Starbucks shares plunge 14%
July same-store sales, word of higher costs hurts stock
By William Spain, MarketWatch
Last Update: 9:37 AM ET Aug 3, 2006
CHICAGO (MarketWatch) - Starbucks Corp. shares plummeted as much as 14% early Thursday after it reported disappointing same-stores sales growth in July and projected an increase in capital expenditures for new store openings.
SBUX ) was down $4.28 to $29.02 shortly after the opening bell.
New outlets, along with same-store sales gains, helped Starbucks Corp. push its fiscal third-quarter profit up nearly 16%, while revenue jumped 23%.
After the close of trading Wednesday, Starbucks said it earned $145 million, or 18 cents a share in the quarter, up from $125.5 million, or 16 cents, in the year-ago period. The latest per-share figure was boosted a penny by a one-time tax benefit. Revenue at the Seattle-based coffee chain rose 23% to $1.96 billion while same-store sales rose 6%.
The average estimate of analysts polled by Thomson First Call had been for Starbucks to earn 17 cents a share on revenue of $1.96 billion.
Starbucks also said it expects to earn 72 cents to 73 cents a share for the full year, up from 61 cents in fiscal 2005 and in-line with analyst estimates. Revenue growth of for the year will be about 20%, it added, with same store sales up 3% to 7%.
Starbucks added that its July revenue climbed 20% to $596 million on a same-store sales increase of 4%, vs. a Wall Street expectation of 6.4% and a 7% bounce in July of 2005.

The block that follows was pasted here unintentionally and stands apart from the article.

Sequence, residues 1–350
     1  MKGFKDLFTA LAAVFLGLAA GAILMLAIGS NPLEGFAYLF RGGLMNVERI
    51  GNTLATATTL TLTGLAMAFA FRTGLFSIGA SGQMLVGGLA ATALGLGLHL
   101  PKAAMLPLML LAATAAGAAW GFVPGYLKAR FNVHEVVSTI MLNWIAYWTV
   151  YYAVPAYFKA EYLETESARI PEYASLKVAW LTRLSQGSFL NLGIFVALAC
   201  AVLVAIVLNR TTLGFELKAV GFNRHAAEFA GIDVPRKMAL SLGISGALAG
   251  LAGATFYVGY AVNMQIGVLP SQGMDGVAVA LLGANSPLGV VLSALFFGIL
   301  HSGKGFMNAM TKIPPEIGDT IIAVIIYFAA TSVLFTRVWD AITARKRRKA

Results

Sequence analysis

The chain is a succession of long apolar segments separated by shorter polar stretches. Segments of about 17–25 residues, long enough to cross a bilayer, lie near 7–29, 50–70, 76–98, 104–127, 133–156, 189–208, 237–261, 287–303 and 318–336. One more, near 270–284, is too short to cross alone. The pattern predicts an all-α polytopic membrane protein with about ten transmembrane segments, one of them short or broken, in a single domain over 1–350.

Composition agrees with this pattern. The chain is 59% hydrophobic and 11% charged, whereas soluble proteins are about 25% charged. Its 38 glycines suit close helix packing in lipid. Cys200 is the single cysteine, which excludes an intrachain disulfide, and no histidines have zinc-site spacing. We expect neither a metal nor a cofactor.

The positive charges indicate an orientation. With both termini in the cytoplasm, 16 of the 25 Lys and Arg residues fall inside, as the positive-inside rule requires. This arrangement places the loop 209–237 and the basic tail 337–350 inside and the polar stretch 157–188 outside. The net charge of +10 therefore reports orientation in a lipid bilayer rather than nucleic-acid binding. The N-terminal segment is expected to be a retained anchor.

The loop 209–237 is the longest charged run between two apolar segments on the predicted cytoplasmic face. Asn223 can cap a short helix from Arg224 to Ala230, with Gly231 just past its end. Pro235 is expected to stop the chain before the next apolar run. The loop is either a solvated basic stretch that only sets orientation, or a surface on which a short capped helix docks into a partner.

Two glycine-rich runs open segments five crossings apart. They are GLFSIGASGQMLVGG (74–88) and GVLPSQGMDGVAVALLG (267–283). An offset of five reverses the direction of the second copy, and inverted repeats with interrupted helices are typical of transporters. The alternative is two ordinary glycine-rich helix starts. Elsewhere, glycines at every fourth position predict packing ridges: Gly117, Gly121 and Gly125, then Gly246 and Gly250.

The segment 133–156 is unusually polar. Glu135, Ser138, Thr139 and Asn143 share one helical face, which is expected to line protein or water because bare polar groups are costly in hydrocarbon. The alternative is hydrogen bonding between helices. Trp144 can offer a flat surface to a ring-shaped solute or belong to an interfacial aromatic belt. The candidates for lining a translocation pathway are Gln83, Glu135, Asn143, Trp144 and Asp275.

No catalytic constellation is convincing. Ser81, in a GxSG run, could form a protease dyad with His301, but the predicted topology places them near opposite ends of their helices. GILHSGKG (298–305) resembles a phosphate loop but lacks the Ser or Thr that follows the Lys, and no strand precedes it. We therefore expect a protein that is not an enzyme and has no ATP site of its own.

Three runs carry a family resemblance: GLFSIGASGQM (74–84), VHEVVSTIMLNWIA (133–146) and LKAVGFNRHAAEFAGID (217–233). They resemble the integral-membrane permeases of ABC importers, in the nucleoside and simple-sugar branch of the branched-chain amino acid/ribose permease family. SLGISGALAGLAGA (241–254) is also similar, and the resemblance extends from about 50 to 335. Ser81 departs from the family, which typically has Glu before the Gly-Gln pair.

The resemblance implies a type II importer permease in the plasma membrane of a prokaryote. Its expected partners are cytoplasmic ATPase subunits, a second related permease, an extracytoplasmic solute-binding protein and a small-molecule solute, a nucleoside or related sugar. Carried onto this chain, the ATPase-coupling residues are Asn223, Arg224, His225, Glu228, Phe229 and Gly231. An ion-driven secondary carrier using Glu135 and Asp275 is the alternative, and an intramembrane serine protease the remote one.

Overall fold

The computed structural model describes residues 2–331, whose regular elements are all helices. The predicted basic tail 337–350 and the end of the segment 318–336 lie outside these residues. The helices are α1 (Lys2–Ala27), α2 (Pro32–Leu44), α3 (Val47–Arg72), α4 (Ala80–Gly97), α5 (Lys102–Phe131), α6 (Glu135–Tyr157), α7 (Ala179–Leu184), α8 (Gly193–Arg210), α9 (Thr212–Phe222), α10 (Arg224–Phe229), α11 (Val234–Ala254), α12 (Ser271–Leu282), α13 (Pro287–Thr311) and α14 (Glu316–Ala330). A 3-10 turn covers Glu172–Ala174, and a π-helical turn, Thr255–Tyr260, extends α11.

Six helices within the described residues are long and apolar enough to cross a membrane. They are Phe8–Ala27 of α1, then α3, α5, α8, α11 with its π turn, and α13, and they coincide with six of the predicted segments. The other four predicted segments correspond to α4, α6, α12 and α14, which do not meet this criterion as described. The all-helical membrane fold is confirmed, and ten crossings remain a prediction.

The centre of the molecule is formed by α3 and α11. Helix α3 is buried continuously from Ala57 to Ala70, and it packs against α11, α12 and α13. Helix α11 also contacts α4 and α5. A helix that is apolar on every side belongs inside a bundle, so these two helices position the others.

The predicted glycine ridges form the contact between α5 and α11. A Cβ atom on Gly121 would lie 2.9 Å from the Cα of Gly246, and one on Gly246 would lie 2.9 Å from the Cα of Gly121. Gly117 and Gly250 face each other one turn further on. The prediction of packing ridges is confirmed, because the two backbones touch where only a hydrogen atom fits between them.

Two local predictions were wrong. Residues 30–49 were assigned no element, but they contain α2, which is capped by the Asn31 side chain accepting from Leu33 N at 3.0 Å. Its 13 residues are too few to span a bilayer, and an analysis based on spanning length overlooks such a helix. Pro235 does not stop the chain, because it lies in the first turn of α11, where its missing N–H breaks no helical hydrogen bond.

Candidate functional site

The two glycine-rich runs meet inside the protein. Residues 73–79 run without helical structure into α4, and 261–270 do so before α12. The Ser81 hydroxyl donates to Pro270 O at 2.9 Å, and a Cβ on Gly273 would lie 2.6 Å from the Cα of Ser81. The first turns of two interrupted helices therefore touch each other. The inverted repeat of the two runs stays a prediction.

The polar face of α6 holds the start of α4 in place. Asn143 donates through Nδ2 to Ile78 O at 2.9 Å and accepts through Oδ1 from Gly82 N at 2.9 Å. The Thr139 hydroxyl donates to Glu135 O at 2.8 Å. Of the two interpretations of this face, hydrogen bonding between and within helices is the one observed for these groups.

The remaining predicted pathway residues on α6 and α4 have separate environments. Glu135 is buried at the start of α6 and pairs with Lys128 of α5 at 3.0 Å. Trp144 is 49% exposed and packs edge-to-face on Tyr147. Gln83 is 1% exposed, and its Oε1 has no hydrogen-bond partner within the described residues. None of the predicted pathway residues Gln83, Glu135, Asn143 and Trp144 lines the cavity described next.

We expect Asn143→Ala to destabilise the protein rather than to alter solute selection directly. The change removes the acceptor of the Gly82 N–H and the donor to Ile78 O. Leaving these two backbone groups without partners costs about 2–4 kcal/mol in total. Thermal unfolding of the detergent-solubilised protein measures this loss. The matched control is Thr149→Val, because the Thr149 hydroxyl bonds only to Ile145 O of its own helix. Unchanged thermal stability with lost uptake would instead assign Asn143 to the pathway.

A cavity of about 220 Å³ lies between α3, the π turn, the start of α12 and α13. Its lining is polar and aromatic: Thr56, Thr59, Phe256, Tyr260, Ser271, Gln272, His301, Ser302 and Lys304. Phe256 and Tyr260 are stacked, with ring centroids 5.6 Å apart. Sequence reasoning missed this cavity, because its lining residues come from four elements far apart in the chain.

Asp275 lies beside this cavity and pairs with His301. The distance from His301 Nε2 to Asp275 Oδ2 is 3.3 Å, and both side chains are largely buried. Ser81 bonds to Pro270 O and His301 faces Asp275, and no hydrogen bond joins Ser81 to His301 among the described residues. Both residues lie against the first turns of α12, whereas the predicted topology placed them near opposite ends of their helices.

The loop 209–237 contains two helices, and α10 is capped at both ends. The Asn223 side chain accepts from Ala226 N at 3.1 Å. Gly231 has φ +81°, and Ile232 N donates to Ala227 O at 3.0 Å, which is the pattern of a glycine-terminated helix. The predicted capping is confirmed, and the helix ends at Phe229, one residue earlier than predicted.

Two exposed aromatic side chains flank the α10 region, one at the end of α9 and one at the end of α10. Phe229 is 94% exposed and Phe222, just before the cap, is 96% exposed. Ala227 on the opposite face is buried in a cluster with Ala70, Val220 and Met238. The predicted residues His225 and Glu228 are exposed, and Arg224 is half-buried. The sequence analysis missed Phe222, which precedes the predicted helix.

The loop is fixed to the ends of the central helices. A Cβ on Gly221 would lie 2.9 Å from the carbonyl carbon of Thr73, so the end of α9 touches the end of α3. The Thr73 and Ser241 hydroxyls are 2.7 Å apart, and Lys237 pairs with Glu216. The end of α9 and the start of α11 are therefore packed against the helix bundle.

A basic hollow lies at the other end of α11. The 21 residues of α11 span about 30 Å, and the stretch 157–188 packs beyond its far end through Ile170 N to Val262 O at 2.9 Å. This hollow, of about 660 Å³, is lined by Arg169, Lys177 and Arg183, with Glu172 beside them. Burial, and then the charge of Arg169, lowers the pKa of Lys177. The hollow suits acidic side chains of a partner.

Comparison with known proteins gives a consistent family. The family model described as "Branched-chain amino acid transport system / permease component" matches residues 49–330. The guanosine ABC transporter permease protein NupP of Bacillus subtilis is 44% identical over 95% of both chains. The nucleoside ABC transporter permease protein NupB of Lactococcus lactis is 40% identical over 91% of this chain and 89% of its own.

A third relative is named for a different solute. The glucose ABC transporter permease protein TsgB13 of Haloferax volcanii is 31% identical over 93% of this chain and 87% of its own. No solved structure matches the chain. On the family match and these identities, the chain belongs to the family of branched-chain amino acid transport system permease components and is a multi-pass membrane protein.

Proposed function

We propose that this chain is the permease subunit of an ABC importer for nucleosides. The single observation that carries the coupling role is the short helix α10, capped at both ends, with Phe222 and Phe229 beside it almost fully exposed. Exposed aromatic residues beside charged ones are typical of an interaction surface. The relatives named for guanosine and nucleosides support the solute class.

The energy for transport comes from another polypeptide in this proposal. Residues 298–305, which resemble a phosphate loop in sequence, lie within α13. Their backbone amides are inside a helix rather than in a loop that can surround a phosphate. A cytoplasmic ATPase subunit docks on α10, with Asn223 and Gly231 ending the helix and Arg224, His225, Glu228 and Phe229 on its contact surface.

For the quarter, company-operated retail revenues rose 22% to $1.7 billion, largely on the back of 955 new stores and same-store sales growth, which represents a 4% increase in the number of customer transactions and a 2% nudge in the average value of each.
At the same time, cost of sales was 41%, up from 40.6% of total net revenue, mostly due to higher coffee costs.
Starbucks also said it expects to open at least 2,000 net new stores on a global basis in fiscal 2006, an increase of 200 new stores, 200 more than its previous target. That led it to boost its estimate of capital expenditures to $800 million from a previous $750 to $775 million.
While the company would have to go back more than four years to find a same-store sales growth number of less than 5%, CEO Howard Schultz noted in a call with reporters that the company has posted more than 170 consecutive months of growth in that key retail metric.
While he did not pin the blame on the blast-furnace heat that has gripped much of the nation, he said there was an increased demand for cold drinks the company has had trouble meeting.
"We have never seen this kind of demand for cold blended beverages in the morning," he said.
Shares of Starbucks End of Story
William Spain is a MarketWatch staff writer in Chicago.
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